I heard Batt O Keeffe on the radio this morning, defending the party line on an inquiry into the banking scandal.
It was the same insulting and dishonest waffle we’ve always got from him and his kind. Nonsense.
According to Ned, the officials of the Department of Finance are working flat out to make NAMA a reality, which will free up the banks to start lending again, and the last thing these hard-pressed officials need now is another inquiry to distract them from their arduous task.
Wrong, Ned. Wrong on every level.
The NAMA money will never be lent out to customers. It will be used to pay the banks’ debts and fill their coffers with cash. NAMA will not result in a single small business receiving a loan.
To say otherwise is a plain lie from Ned O Keeffe, who thinks he’s dealing with the Irish public of the 1950s when this kind of pompous guff was swallowed without question.
The reason the Government don’t want an inquiry is because it would expose NAMA for the fraud and con-job that it really is. And because a thorough inquiry would expose the collusion and involvement of Governemt ministers at the very highest levels in creating the financial disaster that has resulted in the country being robbed to protect the wealthy.
Batt O Keeffe hasn’t two brain cells to rub together. We all know that. We all know he was made Minister for Education because the job needed an idiot. But he’s also the mouthpiece of Brian Cowen, and therefore you can take it that when Batt speaks, Brian is behind him operating his jaw through a hole in his back.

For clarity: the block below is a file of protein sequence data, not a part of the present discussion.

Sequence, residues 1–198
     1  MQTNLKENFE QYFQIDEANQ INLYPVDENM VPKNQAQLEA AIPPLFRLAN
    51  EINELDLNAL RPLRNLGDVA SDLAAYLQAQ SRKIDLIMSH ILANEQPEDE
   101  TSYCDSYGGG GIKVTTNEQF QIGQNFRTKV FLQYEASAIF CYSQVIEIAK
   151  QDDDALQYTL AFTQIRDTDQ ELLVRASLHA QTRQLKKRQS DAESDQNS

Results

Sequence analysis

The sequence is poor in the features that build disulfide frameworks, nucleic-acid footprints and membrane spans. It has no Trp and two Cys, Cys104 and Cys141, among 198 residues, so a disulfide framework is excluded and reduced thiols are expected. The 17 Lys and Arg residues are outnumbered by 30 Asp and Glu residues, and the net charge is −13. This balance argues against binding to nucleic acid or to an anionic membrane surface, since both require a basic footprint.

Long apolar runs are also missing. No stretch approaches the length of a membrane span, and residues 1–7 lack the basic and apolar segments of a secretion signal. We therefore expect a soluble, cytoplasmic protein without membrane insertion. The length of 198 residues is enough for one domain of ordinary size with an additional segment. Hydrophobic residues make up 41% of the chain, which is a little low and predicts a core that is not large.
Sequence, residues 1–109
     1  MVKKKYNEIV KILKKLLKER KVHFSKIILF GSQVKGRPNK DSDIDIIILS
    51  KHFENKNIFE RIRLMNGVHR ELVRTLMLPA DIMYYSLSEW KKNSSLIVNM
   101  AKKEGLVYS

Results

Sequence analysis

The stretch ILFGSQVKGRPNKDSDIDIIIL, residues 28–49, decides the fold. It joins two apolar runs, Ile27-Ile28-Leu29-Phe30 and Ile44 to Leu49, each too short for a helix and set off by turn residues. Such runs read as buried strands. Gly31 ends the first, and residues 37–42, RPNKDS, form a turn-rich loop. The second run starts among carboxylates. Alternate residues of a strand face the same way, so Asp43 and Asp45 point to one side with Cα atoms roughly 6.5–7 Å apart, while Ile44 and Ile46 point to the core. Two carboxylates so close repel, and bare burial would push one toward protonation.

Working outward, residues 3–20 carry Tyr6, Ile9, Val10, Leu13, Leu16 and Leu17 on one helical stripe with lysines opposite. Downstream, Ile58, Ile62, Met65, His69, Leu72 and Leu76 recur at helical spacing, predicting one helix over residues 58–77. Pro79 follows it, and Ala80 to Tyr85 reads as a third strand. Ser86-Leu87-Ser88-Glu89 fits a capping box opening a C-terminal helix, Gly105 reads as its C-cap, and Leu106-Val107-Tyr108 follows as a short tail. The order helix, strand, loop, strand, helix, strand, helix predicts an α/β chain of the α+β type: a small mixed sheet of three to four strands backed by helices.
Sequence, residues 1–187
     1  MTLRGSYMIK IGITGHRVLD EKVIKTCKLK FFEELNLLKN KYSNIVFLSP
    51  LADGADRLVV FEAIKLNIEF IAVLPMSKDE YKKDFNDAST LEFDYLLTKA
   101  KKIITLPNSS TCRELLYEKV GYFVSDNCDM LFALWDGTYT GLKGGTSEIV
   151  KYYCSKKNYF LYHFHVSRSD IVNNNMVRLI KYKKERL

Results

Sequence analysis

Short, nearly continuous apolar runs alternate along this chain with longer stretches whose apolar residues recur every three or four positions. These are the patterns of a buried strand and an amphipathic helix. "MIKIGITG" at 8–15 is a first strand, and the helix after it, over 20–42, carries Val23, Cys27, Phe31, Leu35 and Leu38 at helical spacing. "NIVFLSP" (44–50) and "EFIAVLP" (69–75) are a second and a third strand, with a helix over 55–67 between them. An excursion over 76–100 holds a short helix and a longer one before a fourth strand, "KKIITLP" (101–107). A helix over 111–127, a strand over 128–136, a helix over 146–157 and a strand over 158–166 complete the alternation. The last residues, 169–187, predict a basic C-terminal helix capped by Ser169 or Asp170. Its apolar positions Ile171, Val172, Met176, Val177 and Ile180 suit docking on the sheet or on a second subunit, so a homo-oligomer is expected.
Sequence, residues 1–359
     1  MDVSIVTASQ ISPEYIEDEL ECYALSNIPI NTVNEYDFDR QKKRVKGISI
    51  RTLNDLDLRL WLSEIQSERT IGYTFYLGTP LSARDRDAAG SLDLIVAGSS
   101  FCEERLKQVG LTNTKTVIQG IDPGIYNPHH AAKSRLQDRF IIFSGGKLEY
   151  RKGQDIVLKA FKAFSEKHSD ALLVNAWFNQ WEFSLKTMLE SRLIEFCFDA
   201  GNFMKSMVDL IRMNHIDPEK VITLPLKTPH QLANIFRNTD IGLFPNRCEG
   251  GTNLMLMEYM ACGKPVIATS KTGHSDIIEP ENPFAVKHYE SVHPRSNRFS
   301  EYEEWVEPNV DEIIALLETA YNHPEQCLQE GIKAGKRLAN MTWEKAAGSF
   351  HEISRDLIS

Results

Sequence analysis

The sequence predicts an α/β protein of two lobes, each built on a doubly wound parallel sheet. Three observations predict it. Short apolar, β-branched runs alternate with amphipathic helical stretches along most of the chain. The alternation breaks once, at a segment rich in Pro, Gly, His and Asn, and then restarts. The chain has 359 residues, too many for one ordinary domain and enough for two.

They were all involved and they all knew what was going on. Last night, on Prime Time, we learned that Charlie McCreevy, who was soon to become finance minister, received a €1.6 million mortgage from Irish Nationwide to purchase a €1.5 million property. A mortgage of nearly 110%, from a mutual building society, supposedly operated for the benefit of its members. And we discovered that there was no paperwork involved. Fingers Fingleton put it through on the nod for this political heavy hitter who would shortly be in a position to make very favourable decisions.
Now, if the finance minister was in hock to a dodgy outfit like Nationwide, then we can presume there was no proper oversight of the system. How many other ministers and senior Fianna Fáil members were in Fingleton’s pocket?
Professor Patrick Honohan, a man of impeccable credentials and newly-appointed head of the Central Bank, thinks an inquiry is needed urgently and has twice said so, but of course he was appointed by Lenihan who, in fairness to him, had no involvement in the fraud. Isn’t it interesting that the highly-regarded academic is certain we need an inquiry as a matter of urgency, while the half-wit who speaks for Cowen, Ahern, McCreevy and the rest of the rotten crew is so against it?
What are they afraid of?